The third top spender in February was the page In fact, on February, 2, 2021, the website of the Presidential Office posted a  Decree to enforce the decision of the National Security and Defense Council imposing sanctions against Taras Kozak, a deputy from the “Opposition Platform – For Life” party. One of the restrictive measures applied against the deputy was to close several television channels he owned. The highest-ranking channels among them were channel 112, ZIK, and NEWSONE. In 2020, they  were ranked in the top five most popular news channels in Ukraine. As registered by OPORA shortly upon the enforcement of the ban, all the three channels have largely increased their activity in social media, specifically on Facebook.

In February, the 112 channel’s page shared 30 promoted posts, with the total investment of USD 6,561.  Content-wise, the promoted posts were accusing of censoring the channels, criticized central authorities, such as the President Volodymyr Zelenskyi, and included regular invitations to follow the television channels on social media. The target audience on Facebook includes women aged 45+.

The Servant of the People page invested into political ads the USD 6,170. In their 184 posts, “Servants of the People” were telling users about party members decisions in the Verkhovna Rada. They explained the positions on critical political and economic issues, and informed about the initiatives and activities of the President. One such promoted post was dedicated to Vasyl Virastiuk, a candidate from the party in constituency 87 at the interim elections of people’s deputies. It described how he submitted the registration documents to the CEC. The ad was shared during February, 19-21, targeted users from Ivano-Frankivsk region (92.6% views), and cost under 100 $. The CEC registered Mr. Virastiuk a candidate on February, 22. Overall, the promoted posts of the “servants” in the social media targeted Facebook users from all Ukraine’s regions.

The last but not least in the top five of highest costs for political ads is a public profile of the “For the Future” political party — USD 5,911 for the promotion of 98 posts. Similar to the “Servant of the People,” most ads were about the party members’ positions on important social, economic, and political issues. There is also some promotion of the party pages in social media — “Do you agree? Press like!,” “Subscribe to the page of “For the Future” on Instagram” a.o. Another rubric of advertising content on the page is entitled “FOR THE FUTURE” in the regions.” One such post of February, 18, mentions Oleksandr Shevchenko as a candidate, they wish him to win (the target audience of the promoted post covers 100% of Ivano-Frankivsk region, worth under 100 $). The fact that the political party hopes to have their candidate win at the interim elections to the Verkhovna Rada in constituency 87 is also confirmed by the targeting of political ads on Facebook.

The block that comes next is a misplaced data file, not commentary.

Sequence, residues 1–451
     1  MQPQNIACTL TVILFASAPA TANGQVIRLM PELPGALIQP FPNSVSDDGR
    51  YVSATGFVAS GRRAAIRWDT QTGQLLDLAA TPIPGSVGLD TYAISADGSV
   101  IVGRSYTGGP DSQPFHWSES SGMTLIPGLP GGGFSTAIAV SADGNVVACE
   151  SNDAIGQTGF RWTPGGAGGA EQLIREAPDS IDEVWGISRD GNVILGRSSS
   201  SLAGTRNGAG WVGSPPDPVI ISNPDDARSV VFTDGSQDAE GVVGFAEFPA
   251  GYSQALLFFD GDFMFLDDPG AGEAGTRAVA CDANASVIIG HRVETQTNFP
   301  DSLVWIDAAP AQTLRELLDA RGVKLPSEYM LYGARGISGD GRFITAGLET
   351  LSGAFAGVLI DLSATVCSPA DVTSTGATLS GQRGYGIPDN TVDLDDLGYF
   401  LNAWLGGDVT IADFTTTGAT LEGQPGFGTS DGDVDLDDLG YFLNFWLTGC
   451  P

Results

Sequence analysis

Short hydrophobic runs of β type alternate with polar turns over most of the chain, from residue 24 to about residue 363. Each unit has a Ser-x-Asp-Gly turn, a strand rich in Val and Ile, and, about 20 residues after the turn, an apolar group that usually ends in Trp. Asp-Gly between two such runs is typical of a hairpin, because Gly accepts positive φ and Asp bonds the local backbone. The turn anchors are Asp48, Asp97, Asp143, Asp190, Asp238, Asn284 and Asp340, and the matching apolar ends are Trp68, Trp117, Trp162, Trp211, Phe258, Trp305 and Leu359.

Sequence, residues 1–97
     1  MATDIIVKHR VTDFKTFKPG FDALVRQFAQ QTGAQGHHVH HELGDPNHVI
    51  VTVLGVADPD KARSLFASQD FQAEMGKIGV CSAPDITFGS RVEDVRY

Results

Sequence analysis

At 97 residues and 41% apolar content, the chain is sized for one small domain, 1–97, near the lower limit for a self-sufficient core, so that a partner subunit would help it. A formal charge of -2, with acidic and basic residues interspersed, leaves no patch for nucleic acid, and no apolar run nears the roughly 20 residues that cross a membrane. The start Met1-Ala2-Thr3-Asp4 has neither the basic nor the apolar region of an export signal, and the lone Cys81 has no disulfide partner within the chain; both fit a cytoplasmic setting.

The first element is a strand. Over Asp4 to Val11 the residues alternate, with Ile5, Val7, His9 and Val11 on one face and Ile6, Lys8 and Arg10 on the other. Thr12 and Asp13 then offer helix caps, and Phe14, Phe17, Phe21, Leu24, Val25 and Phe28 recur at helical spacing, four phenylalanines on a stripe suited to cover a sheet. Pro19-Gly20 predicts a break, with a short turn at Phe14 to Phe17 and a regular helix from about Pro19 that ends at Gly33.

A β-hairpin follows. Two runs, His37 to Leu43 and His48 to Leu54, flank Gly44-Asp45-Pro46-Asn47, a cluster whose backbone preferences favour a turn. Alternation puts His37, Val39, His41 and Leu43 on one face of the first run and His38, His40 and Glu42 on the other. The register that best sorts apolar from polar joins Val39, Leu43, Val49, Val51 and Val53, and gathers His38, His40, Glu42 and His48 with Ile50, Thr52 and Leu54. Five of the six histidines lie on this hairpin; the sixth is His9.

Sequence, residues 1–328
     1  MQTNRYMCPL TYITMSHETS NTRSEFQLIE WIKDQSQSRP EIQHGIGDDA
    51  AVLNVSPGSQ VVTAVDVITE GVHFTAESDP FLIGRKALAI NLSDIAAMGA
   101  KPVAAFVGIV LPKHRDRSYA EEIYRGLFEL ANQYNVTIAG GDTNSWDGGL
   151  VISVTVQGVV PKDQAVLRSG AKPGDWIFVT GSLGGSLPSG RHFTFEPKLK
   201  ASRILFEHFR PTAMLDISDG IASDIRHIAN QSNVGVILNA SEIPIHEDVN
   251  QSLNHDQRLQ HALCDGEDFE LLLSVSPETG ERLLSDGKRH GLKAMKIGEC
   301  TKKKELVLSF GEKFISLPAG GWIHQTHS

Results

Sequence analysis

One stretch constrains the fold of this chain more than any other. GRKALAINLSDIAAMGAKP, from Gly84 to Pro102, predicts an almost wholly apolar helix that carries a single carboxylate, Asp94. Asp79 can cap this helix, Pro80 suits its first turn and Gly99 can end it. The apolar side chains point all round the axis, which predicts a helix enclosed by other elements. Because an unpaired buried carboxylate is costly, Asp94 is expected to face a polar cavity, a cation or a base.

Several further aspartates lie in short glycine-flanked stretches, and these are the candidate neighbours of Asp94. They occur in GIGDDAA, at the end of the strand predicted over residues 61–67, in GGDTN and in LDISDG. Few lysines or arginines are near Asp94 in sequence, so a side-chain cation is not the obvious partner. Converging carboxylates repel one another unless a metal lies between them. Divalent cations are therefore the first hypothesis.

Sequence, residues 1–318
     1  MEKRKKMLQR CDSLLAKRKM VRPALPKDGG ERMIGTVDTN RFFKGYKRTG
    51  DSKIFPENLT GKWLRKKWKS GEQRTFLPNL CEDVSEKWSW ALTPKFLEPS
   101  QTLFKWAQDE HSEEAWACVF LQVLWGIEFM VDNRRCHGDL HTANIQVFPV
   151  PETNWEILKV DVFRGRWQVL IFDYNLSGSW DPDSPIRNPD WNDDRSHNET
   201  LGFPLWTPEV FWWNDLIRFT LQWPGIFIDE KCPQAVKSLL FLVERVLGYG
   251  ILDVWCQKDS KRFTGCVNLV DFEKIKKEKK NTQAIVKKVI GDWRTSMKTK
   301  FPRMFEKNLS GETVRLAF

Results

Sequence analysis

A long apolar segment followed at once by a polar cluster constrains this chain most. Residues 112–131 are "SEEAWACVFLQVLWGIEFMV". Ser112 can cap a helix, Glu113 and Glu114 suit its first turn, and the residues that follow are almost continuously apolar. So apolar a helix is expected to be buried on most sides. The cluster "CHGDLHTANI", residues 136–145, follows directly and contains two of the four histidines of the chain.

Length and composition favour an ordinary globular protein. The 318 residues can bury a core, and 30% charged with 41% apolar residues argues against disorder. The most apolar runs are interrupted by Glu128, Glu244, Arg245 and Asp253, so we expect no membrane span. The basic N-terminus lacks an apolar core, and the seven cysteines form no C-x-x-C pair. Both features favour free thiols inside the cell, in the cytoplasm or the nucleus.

The following two positions in terms of spending are taken by two other television channels affected by the sanctions — NEWSONE and ZIK. In February, their investment into political ads reached USD 4,976  (to promote 22 posts) and USD 4,489 (for 19 posts), respectively. In addition to criticizing the ban on broadcasting and the government vaccination policy in the Donbass, some ads on the pages of the channels covered the initiatives of Viktor Medvedchuk, a member of the Political Council of the “Opposition Platform – For Life” party, and his wife Oksana Marchenko who declared her membership in the party. As previously informed by OPORA, since the day the TV channels were banned the traction of their Facebook pages has largely grown (the number of followers has increased, as have their engagement levels with the posts, such as likes, comments, and shares). The most wanted target audience for the channels on Facebook were users 45+. The category is covered by ab. 70% of targeting in the promoted posts, mostly at women.